Security, SSL and HTTPS are three words that confuse many people. are ignored by many people. but are vital to the well-being of your family history data. They have always been mentioned in kiwitrees installation instructions but now might be the right time to act on the suggestions there. 2018 has already started out as the year we will all need to focus more on our family history web site’s security.

But not just for the obvious reason, the risks of spammers, hackers and general internet craziness.

All those things are important concerns, and they always have been. But now, in 2018, we are getting some serious  “help” from our friendly web browser designers!

Security, SSL and HTTPS

I won’t try here to explain the terms “Security, SSL and HTTPS”. You can easily google that if you need to, but I will explain why you need to care, and how to address the issue.

The keen-eyed technology-watchers among you may have spotted headlines like this in recent months:

From Google (Feb 2018): Chrome will mark all HTTP sites as ‘not secure’ starting in July

From Mozilla (Jan 2018): Effective immediately, all new features [in Firefox] that are web-exposed are to be restricted to secure contexts. Web-exposed means that the feature is observable from a web page or server, whether through JavaScript, CSS, HTTP, media formats, etc.

In layman’s terms, they are saying it is going to harder to ignore those “this site is insecure”  messages when you navigate around the web. These are what you might see now – but the terminology and “nagging” will get worse!


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MS Edge
MS Edge



As a result, the time to act on the advice to secure your site has arrived, and none of us should ignore it any longer. If we do, apart from any security risk, which although small is not non-existent in kiwitrees, our users and visitors are going to get frustrated by the constant nagging from their browser, and search engines will start to ignore your website.

Of course, updating to HTTPS/SSL security is still not compulsory. If you cannot do it, or prefer not to, your kiwitrees website will still function exactly as it always has, and will remain as secure as it always has, which is in fact VERY secure. But I’m afraid your browser will increasingly nag you and your users about it. 🙁

So what do we need to do?

Well, these days it’s surprisingly easy. It used to be, until a year or two ago, an unpleasant fact that an SSL certificate (step 1 in the process) was an annual fee of $100 or more. But then LetsEncrypt joined the market, with the stated aim to “make encrypted connections to World Wide Web servers ubiquitous. By eliminating payment, web server configuration, validation email management and certificate renewal tasks, it is meant to significantly lower the complexity of setting up and maintaining TLS encryption.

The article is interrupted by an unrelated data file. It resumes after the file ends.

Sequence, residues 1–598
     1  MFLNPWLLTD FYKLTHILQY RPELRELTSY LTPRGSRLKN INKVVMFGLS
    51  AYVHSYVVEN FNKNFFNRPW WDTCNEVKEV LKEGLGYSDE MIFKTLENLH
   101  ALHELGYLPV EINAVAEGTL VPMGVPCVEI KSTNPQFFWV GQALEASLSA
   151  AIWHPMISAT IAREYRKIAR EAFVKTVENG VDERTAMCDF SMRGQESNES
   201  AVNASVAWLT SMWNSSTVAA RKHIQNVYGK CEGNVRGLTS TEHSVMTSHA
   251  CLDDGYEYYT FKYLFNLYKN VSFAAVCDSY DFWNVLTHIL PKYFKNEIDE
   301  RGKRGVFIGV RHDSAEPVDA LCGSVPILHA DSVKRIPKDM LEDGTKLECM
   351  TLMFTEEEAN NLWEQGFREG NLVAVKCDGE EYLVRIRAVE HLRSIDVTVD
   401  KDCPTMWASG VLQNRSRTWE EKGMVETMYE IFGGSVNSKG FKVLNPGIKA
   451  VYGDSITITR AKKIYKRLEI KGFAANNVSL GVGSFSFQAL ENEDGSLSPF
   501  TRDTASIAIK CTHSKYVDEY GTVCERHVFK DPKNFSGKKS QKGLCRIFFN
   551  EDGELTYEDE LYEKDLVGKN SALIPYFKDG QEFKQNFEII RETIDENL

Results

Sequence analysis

In some cases, a commercial certificate is still required, but in the majority of kiwitrees installations, you should be able to easily implement a FREE LetsEncrypt certificate, and it is surprisingly easy to do. There should, in this case, also be no extra charge from your web host.

The first thing to note is that most web hosts should now have an automated installation package built into their control panel, whether cPanel, Plesk or something else. Here’s an example from my own Plesk control panel:

I don’t have access to cPanel with the same feature, but I have confirmed that it has been available since ver. 58 of cPanel. Whether your host provides cPanel, Plesk, or something else, they should be able to give you this feature, so pester them for it. It makes the process so much easier!


Assuming you have it, these are the steps to getting your site fully secure:

  1. In your hosts’ control panel ensure that “SSL”, or “SSL TLS” is enabled. Usually just a matter of ticking a box.
  2. Using the LetsEncrypt tool in that control panel, it’s a single click to create and install the certificate. Nothing more than that.
  3. Now you have access to your site using BOTH  (not secure) AND (secure).  But you don’t really want or need that. So the old solution was a complex “redirection” via a. “htaccess” file. But with kiwitrees, it couldn’t be simpler.  Just log in to your site using the secure address. Go to Administration > Site administration > Site configuration, and scroll down to “Website URL”. In its drop-down box, you should see the https URL you used to log in. Select it, then click ‘save’ for that page. That’s it. Job done! Anyone visiting your site from now on, using either the secure or the old unsecure URL will be directed always to the secure https version.


Plesk – LetsEncrypt

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Important note for kiwitrees hosted sites

If your website is hosted here at then you have one of two web address types:

  1. A sub-domain site, with a web address in the form of
  2. A site directed to your own personal web address, such as (my own personal site) or, or, or, etc…

If you have an address of type 1 (and that means most of you), then relax. Your site has already been converted and is fully secured.

Unfortunately, for the time being, things are not so easy for the handful of us who use the personalised domain names (type 2 addresses). LetsEncrypt cannot yet provide the necessary connections to this sort of site that are needed for their system to work. There is hope it might be possible in future, but for now the alternatives are either don’t use https, or to pay ($NZ 100 per year) for a commercial SSL certificate.